CLINTON: Well, I don't accept that premise. I think that we've got so much business we have to do. We've talked a lot tonight about what we're against. But I'm for a lot of things. I don't want to just stop bad things from happening, I want to start good things from happening. And I believe, if I'm so fortunate to get the nomination, I will begin to work immediately on putting together an agenda, beginning to talk with members of Congress and others about how we can push forward. I want to have half a billion more solar panels deployed, the first four years. I want to have enough clean energy to power every home the next four years. I want us to keep working on the Affordable Care Act, to get not only to 100 percent coverage, but bring down the costs of prescription drugs and out-of-pocket costs.

Source: MSNBC Democratic primary debate in New Hampshire Feb 4, 2016

Mark Connolly: Move away from fossil fuels; oppose Northern Pass line

Connolly advocated for a move away from fossil fuels, but said communities should have the power to determine which energy projects take up residence in town.

Connolly doesn't support the current Northern Pass proposal to run a 192-mile transmission line through New Hampshire. He said more of the project should be buried.

On the proposed Kinder Morgan natural gas pipeline, Connolly said the project shouldn't be built if the energy developer can't convince local communities the pipeline should come through. "We have to have the communities accept any kind of infrastructure in their towns," he said.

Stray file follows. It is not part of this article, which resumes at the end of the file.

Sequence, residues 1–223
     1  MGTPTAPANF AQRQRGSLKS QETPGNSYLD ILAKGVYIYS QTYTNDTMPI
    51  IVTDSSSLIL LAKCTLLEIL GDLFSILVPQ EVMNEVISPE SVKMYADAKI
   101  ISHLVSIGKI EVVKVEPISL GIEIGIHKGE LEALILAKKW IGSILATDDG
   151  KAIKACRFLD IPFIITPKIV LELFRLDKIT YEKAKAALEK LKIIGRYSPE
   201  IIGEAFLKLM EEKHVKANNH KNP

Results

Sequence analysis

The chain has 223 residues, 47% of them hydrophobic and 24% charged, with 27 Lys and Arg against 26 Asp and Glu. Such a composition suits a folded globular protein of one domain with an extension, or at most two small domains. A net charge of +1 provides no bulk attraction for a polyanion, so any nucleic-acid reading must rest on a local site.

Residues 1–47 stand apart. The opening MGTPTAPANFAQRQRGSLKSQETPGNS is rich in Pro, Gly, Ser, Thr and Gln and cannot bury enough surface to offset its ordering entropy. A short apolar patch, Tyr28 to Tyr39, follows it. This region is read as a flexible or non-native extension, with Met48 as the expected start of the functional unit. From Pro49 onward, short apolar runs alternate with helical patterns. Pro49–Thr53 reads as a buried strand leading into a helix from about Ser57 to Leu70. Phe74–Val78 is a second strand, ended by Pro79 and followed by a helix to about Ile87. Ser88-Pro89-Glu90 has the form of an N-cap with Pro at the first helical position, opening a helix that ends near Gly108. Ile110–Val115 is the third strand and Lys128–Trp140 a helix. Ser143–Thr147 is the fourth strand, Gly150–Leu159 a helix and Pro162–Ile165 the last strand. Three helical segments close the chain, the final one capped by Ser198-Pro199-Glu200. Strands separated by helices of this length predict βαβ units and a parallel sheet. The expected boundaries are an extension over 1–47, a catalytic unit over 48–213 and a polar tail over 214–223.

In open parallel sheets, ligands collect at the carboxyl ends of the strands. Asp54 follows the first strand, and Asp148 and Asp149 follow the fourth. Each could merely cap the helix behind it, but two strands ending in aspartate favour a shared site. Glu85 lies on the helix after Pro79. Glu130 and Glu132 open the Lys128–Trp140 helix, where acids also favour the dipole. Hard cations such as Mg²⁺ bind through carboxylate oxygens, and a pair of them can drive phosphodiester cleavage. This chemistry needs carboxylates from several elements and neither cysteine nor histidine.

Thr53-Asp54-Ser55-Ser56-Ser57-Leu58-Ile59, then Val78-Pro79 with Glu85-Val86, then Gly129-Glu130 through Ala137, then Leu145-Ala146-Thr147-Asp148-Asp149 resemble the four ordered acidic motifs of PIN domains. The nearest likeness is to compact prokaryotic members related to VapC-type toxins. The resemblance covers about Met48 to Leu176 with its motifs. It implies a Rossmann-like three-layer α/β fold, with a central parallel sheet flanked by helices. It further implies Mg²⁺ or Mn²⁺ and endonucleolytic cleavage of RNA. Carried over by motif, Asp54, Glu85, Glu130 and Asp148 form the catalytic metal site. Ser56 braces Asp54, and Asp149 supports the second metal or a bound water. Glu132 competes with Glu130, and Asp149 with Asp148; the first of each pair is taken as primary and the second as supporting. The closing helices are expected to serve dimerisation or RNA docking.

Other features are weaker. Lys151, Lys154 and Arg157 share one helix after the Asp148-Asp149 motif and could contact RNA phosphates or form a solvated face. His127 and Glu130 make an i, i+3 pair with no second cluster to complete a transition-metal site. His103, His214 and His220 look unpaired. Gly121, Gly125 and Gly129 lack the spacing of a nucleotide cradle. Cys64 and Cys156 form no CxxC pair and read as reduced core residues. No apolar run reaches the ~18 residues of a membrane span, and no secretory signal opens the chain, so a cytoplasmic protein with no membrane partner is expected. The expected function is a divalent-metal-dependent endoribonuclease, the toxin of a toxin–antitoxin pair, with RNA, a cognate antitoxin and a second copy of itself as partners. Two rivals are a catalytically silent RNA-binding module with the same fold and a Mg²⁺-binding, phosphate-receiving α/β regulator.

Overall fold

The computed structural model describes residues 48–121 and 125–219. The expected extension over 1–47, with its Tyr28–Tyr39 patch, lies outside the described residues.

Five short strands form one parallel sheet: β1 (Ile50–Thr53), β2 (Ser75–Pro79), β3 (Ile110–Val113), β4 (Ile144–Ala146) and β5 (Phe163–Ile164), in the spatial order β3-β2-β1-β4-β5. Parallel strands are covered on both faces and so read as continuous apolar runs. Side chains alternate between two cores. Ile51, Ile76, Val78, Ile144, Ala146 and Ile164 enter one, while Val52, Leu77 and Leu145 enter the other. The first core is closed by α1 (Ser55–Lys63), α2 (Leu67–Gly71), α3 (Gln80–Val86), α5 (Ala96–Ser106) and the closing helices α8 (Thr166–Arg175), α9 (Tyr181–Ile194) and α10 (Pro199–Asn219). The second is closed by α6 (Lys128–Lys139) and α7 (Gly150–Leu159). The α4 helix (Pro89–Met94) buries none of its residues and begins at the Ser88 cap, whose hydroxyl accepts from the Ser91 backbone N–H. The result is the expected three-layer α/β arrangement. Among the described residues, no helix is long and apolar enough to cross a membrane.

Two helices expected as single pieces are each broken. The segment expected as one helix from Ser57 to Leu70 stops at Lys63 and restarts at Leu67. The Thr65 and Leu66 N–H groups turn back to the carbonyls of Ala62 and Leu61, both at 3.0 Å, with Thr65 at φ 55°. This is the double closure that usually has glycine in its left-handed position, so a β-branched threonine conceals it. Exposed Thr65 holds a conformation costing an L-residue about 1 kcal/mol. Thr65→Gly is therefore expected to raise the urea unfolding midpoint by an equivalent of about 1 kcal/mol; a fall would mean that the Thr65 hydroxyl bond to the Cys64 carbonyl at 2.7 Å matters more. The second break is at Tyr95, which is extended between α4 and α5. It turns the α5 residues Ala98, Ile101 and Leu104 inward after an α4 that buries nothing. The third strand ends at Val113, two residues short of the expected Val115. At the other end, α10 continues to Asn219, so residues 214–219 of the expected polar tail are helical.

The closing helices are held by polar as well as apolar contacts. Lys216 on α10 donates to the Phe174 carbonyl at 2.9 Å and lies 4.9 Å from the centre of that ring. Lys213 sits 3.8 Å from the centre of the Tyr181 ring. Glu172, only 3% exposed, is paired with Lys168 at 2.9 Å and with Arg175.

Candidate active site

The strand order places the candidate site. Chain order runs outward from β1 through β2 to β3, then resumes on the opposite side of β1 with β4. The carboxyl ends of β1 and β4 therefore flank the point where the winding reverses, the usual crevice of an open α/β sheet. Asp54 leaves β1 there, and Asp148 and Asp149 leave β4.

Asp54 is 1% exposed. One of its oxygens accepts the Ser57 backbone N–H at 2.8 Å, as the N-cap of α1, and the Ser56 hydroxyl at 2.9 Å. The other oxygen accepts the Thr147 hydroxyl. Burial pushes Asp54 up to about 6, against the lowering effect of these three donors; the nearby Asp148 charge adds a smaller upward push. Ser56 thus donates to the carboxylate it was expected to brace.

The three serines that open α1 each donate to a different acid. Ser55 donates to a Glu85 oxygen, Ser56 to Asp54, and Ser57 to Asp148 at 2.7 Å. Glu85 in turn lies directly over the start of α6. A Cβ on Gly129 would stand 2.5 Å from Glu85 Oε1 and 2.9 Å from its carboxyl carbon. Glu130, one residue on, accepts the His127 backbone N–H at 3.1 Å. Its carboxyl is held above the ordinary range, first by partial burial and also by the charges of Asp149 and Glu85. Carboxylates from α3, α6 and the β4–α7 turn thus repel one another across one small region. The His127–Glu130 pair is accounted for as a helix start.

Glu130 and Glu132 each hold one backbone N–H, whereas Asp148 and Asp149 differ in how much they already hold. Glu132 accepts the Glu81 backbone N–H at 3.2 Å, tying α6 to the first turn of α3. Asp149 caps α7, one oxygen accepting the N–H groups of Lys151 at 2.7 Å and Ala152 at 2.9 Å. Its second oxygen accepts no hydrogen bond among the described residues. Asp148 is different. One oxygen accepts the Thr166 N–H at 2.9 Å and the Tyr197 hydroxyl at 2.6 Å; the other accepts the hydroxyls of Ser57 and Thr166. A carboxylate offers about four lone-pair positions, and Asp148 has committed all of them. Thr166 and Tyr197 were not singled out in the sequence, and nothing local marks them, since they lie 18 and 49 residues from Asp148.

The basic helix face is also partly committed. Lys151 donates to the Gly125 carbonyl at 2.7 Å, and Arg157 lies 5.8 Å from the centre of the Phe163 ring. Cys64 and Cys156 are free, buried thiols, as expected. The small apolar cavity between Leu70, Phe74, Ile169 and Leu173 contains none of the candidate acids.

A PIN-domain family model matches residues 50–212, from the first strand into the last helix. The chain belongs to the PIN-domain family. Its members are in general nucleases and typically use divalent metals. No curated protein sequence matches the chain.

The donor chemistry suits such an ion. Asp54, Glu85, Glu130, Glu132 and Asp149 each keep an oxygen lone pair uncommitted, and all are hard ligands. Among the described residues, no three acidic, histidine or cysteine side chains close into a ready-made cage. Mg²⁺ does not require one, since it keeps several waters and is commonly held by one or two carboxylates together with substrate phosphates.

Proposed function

Source: Concord Monitor on 2016 New Hampshire gubernatorial race Nov 6, 2015

Bob Smith: No subsidies for wind and solar

Question topic: Governments should pay to develop wind and solar energy solutions when these are not economically feasible.

Smith: Strongly Disagree

Source: Faith2Action iVoterGuide on 2014 New Hampshire Senate race Jul 2, 2014

Scott Brown: Keystone XL should be included in energy efficiency bill

A new ad by the Senate Majority PAC is hitting Scott Brown for reportedly lobbying to kill his opponent Sen. Jeanne Shaheen's energy efficiency bill in the Senate: "A rare moment in Congress. A bipartisan bill readies for passage in the Senate. Jeanne Shaheen's energy efficiency bill to create jobs and save billions, supported by businesses across New Hampshire," states the ad. "But news accounts report that Massachusetts Sen. Scott Brown lobbied Republican leaders to kill the bill--hurting Shaheen and helping himself gain another Senate seat," the ad says.

Brown's campaign defended the candidate's visit to Capitol Hill days before the Senate voted on the energy efficiency bill. Senate Majority Leader Harry Reid (D-NV) had offered Republicans a stand-alone vote on the Keystone XL pipeline if the energy efficiency bill passed, but Brown expressed concerns that Keystone wasn't going to be included as an amendment.